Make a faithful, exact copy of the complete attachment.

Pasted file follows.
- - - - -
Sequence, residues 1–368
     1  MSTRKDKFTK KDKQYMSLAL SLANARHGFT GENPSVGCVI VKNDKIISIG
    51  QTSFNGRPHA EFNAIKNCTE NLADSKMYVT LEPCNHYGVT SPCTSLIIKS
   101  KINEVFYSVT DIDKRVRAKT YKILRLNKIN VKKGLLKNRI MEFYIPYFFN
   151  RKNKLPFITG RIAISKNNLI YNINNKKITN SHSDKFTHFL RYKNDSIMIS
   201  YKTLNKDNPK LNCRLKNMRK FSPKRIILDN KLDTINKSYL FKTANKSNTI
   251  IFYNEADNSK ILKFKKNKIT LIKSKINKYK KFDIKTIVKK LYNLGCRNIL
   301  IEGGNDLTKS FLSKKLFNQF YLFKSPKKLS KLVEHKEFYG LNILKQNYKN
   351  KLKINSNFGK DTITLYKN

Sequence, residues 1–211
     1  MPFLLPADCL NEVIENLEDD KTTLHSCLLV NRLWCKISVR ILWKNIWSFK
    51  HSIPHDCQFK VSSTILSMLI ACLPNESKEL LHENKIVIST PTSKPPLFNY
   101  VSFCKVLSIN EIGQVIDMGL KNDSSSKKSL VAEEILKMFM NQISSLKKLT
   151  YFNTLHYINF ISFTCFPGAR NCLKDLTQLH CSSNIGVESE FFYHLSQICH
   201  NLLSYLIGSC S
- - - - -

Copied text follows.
Sequence, residues 1–368
     1  MSTRKDKFTK KDKQYMSLAL SLANARHGFT GENPSVGCVI VKNDKIISIG
    51  QTSFNGRPHA EFNAIKNCTE NLADSKMYVT LEPCNHYGVT SPCTSLIIKS
   101  KINEVFYSVT DIDKRVRAKT YKILRLNKIN VKKGLLKNRI MEFYIPYFFN
   151  RKNKLPFITG RIAISKNNLI YNINNKKITN SHSDKFTHFL RYKNDSIMIS
   201  YKTLNKDNPK LNCRLKNMRK FSPKRIILDN KLDTINKSYL FKTANKSNTI
   251  IFYNEADNSK ILKFKKNKIT LIKSKINKYK KFDIKTIVKK LYNLGCRNIL
   301  IEGGNDLTKS FLSKKLFNQF YLFKSPKKLS KLVEHKEFYG LNILKQNYKN
   351  KLKINSNFGK DTITLYKN

Sequence, residues 1–211
     1  MPFLLPADCL NEVIENLEDD KTTLHSCLLV NRLWCKISVR ILWKNIWSFK
    51  HSIPHDCQFK VSSTILSMLI ACLPNESKEL LHENKIVIST PTSKPPLFNY
   101  VSFCKVLSIN EIGQVIDMGL KNDSSSKKSL VAEEILKMFM NQISSLKKLT
   151  YFNTLHYINF ISFTCFPGAR NCLKDLTQLH CSSNIGVESE FFYHLSQICH
   201  NLLSYLIGSC S